Genetic contributions to pain: a review of findings in humans

College of Dentistry, University of Florida, Gainesville, FL 32608, USA.
Oral Diseases (Impact Factor: 2.4). 12/2008; 14(8):673-82. DOI: 10.1111/j.1601-0825.2008.01458.x
Source: PubMed

ABSTRACT Pain represents the major motivating factor for which individuals seek healthcare, and pain responses are characterized by substantial inter-individual differences. Increasing evidence suggests that genetic factors contribute significantly to individual differences in responses to both clinical and experimental pain. The purpose of this review article was to summarize the current literature regarding genetic contributions to pain, highlighting findings relevant to oral pain where available. A brief discussion of methodologic considerations is followed by a review of findings regarding genetic influences on clinical pain. Next, the literature examining genetic contributions to experimental pain responses is presented, emphasizing genetic associations that have been replicated in multiple cohorts. It is hoped that an enhanced understanding of genetic contributions to pain responses will ultimately improve diagnosis and treatment of clinical pain conditions.

1 Follower
  • Source
    [Show abstract] [Hide abstract]
    ABSTRACT: Aims: (1) To determine the prevalence of temporomandibular disorder (TMD)-pain complaints in the general Dutch population; (2) to investigate its relationship with age, sex, educational attainment, and country of birth; (3) to determine its association with other pain complaints; and (4) to determine whether there are TMD subgroups (ie, with regard to their sociodemographic variables) that are more vulnerable for comorbid pain complaints. Methods: Data from two large-scale population studies were available: 975 randomly selected adults, who were interviewed by an examiner from the Institute for Applied Scientific Research (TNO), and 11,948 adults who were registered in the Netherlands Twin Register and responded to a survey questionnaire. Chisquared tests and regression analyses were used to determine whether there were any associations between the presence of TMD pain and the various sociodemographic or comorbid variables. Results: The prevalence of TMDpain complaints was 7.2% to 8.0%, and around twice as high in women than in men. The results were inconclusive for association with age, and no evidence was found for an association with country of birth or educational attainment. TMD-pain complaints were strongly related to the presence of other pain complaints. Interestingly, the number of reported comorbid complaints was related to all of the studied sociodemographic variables. Conclusion: In the general Dutch population, women more often report TMD-pain complaints than men, and patients with TMD-pain complaints more often show other pain complaints than persons without TMD pain. In contrast to common beliefs, no clear association with age was found. Furthermore, widespread pain complaints were more common in non-native Dutch and lower-educated females.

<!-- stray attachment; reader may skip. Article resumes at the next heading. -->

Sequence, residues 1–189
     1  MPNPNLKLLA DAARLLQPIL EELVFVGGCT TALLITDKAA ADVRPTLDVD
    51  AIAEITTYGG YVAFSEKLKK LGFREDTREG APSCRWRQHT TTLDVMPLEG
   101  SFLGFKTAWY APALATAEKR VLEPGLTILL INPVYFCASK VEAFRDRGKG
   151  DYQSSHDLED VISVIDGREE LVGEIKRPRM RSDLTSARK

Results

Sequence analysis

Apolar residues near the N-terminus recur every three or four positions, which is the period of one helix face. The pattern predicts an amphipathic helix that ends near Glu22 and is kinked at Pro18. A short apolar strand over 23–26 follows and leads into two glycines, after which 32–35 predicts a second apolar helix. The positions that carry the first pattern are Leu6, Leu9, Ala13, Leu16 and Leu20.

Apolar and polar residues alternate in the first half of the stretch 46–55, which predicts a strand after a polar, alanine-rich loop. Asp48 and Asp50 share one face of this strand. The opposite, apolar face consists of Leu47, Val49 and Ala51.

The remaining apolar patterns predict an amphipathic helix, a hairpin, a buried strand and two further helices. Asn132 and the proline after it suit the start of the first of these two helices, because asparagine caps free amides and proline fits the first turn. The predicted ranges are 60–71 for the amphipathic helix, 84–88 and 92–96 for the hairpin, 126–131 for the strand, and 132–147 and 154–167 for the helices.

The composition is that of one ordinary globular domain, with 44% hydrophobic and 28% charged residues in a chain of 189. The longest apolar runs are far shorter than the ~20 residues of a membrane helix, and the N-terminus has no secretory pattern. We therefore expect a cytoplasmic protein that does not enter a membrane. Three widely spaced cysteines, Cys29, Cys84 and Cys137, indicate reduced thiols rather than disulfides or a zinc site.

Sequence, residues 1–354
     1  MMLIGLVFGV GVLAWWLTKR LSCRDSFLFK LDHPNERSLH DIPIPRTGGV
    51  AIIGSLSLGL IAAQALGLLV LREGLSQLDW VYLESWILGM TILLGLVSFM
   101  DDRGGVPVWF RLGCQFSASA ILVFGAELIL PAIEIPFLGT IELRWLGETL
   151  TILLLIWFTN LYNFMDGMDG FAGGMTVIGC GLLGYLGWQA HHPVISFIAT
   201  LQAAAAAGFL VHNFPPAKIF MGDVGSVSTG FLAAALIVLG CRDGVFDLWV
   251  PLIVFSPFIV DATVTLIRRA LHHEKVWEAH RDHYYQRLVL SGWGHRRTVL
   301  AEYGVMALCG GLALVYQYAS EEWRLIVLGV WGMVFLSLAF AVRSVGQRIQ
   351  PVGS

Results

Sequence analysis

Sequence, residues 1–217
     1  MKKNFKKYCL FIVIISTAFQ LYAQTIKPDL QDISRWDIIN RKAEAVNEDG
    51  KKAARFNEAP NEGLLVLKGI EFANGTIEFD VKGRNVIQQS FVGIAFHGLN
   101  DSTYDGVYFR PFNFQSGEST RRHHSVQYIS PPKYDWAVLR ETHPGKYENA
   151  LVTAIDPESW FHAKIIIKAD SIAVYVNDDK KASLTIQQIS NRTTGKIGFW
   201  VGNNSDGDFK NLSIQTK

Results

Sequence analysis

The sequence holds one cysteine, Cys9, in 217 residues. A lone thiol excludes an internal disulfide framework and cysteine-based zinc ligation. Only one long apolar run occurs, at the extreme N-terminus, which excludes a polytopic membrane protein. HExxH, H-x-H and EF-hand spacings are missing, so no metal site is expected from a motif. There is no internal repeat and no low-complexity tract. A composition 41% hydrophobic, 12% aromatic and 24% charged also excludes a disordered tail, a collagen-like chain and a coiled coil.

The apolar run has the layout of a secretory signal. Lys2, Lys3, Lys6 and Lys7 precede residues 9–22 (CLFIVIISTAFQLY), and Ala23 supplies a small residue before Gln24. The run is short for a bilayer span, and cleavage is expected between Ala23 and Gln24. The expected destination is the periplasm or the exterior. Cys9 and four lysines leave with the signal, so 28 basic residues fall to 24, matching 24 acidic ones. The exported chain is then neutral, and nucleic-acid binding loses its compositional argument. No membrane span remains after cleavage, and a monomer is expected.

01/2015; 29(1):51-59. DOI:10.11607/ofph.1324
  • Pain 03/2015; 156(3):357-8. DOI:10.1097/01.j.pain.0000460338.16353.8e · 5.84 Impact Factor
  • Source
    [Show abstract] [Hide abstract]
    ABSTRACT: It is suggested that genetic variations explain a significant portion of the variability in pain perception; therefore, increased understanding of pain-related genetic influences may identify new targets for therapies and treatments. The relative contribution of the different genes to the variance in clinical and experimental pain responses remains unknown. It is suggested that the genetic contributions to pain perception vary across pain modalities. For example, it has been suggested that more than 60% of the variance in cold pressor responses can be explained by genetic factors; in comparison, only 26% of the variance in heat pain responses is explained by these variations. Thus, the selection of pain model might markedly influence the magnitude of the association between the pain phenotype and genetic variability. Thermal pain sensation is complex with multiple molecular and cellular mechanisms operating alone and in combination within the peripheral and central nervous system. It is thus highly probable that the thermal pain experience is affected by genetic variants in one or more of the pathways involved in the thermal pain signaling. This review aims to present and discuss some of the genetic variations that have previously been associated with different experimental thermal pain models.
    BioMed Research International 2015:349584. DOI:10.1155/2015/349584 · 2.71 Impact Factor

Full-text (2 Sources)

Available from
May 31, 2014